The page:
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When You Need a Little Estate Planning Therapy


Benjamin L. Cohen, 76, sold his furniture business in Boston in 1986, moved to Florida, and long ago wrote his will. But last year he realized he wanted to leave something more to his daughter and two teenage grandchildren than money. So, working with clinical psychologist Helene Stein, he wrote a nonbinding "ethical will," in which he described lessons and regrets from his life. "I still know very little about my own parents and their parents," Cohen says, "and I realized how important it is to give my grandchildren this sort of legacy."

For some people, estate planning is a matter of filling out legal documents to settle the matter of who gets what. For others, though, it is a more intimate exercise. Sometimes it involves the desire to pass on a message, as Cohen did in his ethical will. But it also can give rise to delicate questions about family relationships and values. What is the effect of an inheritance on an heir? How do you set up an estate when family members quarrel or have different goals in life?

Such issues may lie beyond the expertise of traditional estate planners and attorneys. So, some of them are hooking up with psychologists who can offer a different perspective on family dynamics and transfer of wealth. Stein, who has a consulting firm called Family Legacy Services, recently signed on with Tanager Associates, a Waltham (Mass.) boutique wealth-management firm, to consult on estate planning issues. In addition to offering one-on-one counseling to clients, as she did to Ben Cohen, she runs group seminars on families in conflict and raising wealthy children, among other topics.

Jonathan Forster, a tax and estate attorney with Greenberg Traurig in Tysons Corner, Va., has teamed up with psychologists to head off the conflicts that arise when a person wants to create an estate plan with strings attached. Forster says that some clients try to make money available to children or relatives based on their net worth, educational achievement, or other specific goals. But, he says, these strategies may not always be wise because they could create resentment among heirs and lead to lawsuits.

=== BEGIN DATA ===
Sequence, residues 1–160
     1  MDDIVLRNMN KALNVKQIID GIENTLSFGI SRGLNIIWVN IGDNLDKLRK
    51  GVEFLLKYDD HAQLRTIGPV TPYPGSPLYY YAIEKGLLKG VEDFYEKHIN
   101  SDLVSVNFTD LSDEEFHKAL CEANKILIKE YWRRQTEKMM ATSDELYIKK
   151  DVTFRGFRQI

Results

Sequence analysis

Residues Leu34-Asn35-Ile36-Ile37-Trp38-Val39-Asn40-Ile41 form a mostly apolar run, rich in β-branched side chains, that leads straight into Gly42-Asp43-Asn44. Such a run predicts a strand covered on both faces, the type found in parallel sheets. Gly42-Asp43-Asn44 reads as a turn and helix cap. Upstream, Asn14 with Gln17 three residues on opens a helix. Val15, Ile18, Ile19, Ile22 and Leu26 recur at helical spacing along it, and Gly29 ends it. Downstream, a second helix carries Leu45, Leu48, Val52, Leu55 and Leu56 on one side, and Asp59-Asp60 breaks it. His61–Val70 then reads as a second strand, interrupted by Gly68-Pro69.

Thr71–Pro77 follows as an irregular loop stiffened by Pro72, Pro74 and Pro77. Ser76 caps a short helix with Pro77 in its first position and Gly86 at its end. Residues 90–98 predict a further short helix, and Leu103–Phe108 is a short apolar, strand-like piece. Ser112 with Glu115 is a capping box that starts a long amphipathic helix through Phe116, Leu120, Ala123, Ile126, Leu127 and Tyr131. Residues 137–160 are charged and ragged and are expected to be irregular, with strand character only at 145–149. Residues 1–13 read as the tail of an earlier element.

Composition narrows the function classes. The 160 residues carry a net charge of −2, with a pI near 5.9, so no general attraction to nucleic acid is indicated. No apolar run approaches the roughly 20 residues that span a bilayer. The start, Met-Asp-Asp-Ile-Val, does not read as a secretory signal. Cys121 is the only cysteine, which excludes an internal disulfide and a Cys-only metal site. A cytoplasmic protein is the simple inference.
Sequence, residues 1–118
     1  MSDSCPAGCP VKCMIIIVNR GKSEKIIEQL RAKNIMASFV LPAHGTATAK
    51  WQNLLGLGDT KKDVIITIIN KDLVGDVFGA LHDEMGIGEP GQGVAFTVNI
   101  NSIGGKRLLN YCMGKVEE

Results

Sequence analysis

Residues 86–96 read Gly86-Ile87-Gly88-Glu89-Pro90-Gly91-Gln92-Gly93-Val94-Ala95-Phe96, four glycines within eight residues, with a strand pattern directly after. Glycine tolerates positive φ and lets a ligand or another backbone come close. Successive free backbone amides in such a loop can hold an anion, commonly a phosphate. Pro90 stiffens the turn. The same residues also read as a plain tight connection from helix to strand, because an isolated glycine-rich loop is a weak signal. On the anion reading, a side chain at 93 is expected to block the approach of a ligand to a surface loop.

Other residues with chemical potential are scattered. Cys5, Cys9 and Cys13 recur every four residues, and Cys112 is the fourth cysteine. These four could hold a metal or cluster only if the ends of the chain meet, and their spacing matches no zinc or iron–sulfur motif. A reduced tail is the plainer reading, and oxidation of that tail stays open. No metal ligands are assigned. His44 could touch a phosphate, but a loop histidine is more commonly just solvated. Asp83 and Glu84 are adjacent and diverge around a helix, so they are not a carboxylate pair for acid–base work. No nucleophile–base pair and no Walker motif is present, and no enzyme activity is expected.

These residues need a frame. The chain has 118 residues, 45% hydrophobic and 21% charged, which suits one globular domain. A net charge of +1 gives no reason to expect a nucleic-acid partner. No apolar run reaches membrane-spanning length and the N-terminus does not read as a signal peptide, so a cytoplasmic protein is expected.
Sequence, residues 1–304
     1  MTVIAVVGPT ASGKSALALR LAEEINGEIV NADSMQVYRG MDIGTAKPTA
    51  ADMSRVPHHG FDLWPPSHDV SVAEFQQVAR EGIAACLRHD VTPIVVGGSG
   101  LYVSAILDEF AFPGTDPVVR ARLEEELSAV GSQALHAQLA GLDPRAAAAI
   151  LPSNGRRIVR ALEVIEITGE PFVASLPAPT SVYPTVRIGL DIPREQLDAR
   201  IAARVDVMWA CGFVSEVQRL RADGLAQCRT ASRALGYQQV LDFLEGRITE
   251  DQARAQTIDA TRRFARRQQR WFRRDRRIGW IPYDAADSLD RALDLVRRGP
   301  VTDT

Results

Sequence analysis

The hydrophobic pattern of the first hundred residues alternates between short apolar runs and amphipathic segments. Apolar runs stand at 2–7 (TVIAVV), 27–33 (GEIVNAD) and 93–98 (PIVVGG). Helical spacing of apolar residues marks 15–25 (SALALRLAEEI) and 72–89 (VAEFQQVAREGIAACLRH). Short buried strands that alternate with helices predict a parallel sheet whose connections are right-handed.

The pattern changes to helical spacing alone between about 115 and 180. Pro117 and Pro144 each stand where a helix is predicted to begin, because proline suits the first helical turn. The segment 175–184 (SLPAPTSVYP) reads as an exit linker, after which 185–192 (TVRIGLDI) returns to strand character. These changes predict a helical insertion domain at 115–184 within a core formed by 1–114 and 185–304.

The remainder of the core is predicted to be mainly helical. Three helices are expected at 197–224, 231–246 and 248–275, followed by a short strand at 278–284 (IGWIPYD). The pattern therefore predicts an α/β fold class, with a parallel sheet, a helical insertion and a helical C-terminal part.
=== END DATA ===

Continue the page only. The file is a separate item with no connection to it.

ENGAGING. Psychological services are not limited to small firms. Citibank Private Bank, which takes on clients who have at least $3 million in investable assets, has a Family Advisory Practice that includes a full-time staff psychologist. While other Citibank experts handle the technical aspects of money management and estate planning, the Family Advisory Practice steps in when clients need help dealing with difficult or complex interpersonal relationships.

Peter White, who formerly ran a consulting firm that held seminars and retreats for children of wealthy families, heads the group. He says the goal is to engage family members in a dialogue, often about the values and wishes of the person planning the estate. One recent client of White's wanted his son and daughter to take over the management of the family's high-tech company after he died. But the children felt the company's operations were so complex that they didn't have the skills to run it.

White met individually with family members and company execs to acquaint himself with the details of the business, the heirs, and the views of all involved. He then held a meeting where he helped the relatives find common ground. In the end, the family agreed that the children would be the owners but not the managers.

Many people want to leave a legacy that amounts to more than money. Sometimes, simply communicating your wishes to your heirs in writing can achieve that goal. But if you have a large estate or a difficult family situation, a psychological expert might help you come up with strategies for making an often troubling process a little easier. By Geoffrey Smith


Ebola Rising
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